Sharing your honest feelings in meaningful and powerful ways with others, in word and action, plays a large part in the development of healthy intimacy and connection with others.
One memory aid that helps with this concept is to imagine that the word “intimacy” is pronounced “intomeesee,” as in “into me, see”—as though a request: “Will you see into me?”
5. Self-Expansion: Openness to other people’s points of views, accepting them as being, “holding space” for differences, and the desire to grow through your relationships. It leads to compassion, as well as to stronger relationships.
Too often, differences between people result in a power struggle of whose opinion or feelings or ideas are “right” or “better.”
It absolutely does not have to be this way! An assertive woman can “hold space” in a conversation—and in her mind and heart–for another person’s unique perspective or experience
3. Thoughts & Feelings: Seek the Overlap
Feelings are emotional, in your heart, while thoughts are more rational, in your mind.
The goal is to operate from a position in which the two overlap, feeding into each other to help you reach the best solutions for you.
Says the author:
The ability to create a healthy working distance from your emotions is a process.
The goal is to be able to separate thoughts and feelings in your mind, and then act from the place where they overlap.
I very much agree with this approach, and you can see how it was helpful for me when I faced a difficult decision, and the enlightened moment arrived when I let go of perfect rationality, and finally listed to my feelings.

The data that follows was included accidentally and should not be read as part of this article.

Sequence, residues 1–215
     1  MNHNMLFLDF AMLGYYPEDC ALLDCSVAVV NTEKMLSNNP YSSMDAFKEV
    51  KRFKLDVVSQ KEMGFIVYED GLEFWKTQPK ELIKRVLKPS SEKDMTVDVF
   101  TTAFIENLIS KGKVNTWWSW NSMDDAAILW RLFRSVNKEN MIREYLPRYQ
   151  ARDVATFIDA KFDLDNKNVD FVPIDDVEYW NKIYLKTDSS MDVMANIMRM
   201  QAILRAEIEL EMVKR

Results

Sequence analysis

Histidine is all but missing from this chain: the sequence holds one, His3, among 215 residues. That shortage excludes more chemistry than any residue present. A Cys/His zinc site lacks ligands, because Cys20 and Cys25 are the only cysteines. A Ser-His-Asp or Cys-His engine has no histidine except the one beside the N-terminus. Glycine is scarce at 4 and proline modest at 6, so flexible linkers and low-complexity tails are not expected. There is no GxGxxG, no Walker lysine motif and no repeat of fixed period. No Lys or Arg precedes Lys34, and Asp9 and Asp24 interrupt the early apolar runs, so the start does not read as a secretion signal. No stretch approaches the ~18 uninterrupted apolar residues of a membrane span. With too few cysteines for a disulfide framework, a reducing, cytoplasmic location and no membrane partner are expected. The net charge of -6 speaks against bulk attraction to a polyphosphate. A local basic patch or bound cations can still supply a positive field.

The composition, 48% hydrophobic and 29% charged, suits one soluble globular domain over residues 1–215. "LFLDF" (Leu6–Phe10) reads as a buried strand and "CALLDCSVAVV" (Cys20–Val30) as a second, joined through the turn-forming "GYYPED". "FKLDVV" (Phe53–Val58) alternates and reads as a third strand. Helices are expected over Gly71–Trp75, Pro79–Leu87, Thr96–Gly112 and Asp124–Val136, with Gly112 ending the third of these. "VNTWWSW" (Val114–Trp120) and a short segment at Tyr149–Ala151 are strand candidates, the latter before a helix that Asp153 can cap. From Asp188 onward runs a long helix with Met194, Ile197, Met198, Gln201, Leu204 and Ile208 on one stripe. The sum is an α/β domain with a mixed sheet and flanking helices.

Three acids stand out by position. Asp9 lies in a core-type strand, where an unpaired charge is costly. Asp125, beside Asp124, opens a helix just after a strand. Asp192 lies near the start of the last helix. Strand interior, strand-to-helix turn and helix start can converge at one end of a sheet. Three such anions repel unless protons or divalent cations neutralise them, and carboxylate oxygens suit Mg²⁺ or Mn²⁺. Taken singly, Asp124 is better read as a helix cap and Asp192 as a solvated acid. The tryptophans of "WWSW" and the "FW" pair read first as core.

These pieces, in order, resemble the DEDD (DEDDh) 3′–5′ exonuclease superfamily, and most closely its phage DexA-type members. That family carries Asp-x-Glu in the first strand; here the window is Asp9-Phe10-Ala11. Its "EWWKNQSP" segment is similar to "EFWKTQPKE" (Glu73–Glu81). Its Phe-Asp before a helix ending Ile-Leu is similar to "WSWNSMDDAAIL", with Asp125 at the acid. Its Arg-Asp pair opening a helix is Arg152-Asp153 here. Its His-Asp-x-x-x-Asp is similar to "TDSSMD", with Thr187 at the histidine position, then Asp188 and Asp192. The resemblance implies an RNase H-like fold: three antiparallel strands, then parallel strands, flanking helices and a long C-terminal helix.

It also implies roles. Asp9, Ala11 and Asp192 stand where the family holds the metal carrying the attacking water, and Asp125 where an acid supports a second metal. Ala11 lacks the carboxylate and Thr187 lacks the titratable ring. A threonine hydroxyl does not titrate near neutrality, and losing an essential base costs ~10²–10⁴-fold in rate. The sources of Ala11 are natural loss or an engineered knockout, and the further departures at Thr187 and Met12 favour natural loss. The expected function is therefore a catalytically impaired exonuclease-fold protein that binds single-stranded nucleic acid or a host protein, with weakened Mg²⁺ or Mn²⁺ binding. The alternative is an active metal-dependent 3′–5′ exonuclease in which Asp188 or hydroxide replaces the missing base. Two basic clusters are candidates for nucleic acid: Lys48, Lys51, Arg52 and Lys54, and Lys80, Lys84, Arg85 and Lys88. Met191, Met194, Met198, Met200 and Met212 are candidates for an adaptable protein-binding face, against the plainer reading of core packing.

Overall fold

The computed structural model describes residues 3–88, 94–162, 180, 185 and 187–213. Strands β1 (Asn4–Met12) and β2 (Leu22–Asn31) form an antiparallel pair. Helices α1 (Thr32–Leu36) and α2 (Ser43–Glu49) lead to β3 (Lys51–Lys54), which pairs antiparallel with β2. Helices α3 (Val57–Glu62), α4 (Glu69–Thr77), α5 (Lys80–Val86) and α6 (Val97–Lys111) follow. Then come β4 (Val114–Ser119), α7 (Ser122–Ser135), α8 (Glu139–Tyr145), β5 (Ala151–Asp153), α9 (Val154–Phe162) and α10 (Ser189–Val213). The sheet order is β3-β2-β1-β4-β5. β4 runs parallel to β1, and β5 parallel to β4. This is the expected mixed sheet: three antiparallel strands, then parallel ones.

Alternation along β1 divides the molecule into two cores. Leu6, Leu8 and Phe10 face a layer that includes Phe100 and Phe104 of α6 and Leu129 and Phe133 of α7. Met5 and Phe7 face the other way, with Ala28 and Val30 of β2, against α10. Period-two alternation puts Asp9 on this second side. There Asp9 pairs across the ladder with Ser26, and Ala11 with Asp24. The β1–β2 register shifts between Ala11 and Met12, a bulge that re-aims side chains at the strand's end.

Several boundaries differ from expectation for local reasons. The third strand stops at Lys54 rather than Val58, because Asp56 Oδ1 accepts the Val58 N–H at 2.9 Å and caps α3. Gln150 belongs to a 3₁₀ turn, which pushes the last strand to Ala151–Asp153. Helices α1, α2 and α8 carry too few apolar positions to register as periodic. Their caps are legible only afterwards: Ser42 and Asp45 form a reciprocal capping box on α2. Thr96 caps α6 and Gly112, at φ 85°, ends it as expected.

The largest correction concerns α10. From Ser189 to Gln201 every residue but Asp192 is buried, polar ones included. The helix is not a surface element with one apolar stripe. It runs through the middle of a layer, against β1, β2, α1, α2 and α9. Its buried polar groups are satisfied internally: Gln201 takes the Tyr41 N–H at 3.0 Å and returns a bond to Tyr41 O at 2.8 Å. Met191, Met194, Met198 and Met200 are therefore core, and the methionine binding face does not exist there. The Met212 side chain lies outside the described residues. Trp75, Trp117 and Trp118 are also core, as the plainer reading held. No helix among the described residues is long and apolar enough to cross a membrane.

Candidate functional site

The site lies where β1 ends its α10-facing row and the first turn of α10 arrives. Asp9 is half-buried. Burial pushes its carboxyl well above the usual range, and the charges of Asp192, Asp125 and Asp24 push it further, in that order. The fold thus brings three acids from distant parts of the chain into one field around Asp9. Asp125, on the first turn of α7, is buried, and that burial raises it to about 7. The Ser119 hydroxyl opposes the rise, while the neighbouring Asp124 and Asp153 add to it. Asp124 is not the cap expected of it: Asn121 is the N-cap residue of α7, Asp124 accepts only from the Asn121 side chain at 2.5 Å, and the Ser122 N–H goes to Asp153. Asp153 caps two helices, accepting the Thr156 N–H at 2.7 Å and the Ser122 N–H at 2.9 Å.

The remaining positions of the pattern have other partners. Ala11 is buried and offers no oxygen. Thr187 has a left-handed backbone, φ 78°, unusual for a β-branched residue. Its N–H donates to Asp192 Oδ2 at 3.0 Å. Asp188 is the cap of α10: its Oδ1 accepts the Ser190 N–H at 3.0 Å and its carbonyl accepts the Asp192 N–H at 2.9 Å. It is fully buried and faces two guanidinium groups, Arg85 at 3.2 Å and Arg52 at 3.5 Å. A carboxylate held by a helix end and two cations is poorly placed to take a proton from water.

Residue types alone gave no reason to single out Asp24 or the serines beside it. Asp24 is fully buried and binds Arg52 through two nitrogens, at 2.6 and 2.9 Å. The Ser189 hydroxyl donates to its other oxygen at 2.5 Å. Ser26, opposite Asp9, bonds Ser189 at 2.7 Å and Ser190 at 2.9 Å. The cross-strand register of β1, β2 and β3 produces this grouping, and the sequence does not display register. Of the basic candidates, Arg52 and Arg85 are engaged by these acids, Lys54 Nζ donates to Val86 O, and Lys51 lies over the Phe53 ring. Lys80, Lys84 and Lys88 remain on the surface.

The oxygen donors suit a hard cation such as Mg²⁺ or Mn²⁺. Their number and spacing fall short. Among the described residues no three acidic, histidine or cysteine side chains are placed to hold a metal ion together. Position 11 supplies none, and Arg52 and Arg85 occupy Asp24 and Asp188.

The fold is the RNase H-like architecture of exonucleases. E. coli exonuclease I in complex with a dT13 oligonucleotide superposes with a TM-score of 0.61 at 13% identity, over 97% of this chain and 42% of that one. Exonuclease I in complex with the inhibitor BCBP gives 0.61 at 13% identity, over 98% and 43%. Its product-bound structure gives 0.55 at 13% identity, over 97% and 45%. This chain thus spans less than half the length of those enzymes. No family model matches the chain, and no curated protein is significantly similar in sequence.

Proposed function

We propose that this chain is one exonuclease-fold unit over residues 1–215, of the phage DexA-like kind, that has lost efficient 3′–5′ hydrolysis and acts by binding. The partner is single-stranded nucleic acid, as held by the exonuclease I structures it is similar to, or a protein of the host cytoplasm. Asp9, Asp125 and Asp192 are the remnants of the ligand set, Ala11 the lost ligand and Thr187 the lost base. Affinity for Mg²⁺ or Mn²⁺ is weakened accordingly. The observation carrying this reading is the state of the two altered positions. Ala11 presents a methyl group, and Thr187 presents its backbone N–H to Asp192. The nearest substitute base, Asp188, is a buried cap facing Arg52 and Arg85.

4. Attachment Styles: Understand Yours to Reach Assertiveness
The author goes deep into attachment styles.
Attachment theory is based on the assumption that we are emotionally interconnected with one another and we want to form emotional bonds with others.
The way form and approach emotional bonds can be more or less healthy, and it’s in good part based on our attachment styles.
There is already much on this website, see:
- Your attachment style: a test
- Overview of attachment styles
- Secure attachment
- Avoidant attachment
- Anxious attachment
And check this out:
How do attachment styles overlap with assertiveness?
Well, the author makes a good case that there is a strong overlap.
She has an overview that by itself is worth the price of the ebook but, as a quick wrap-up:
- Anxious: Is hesitant. Is afraid to speak up for fear of creating distance or rejection;
- Avoidant: Is guarded. Has difficulty dealing with emotions, seeks an unhealthy detachment, prefer to “shut up”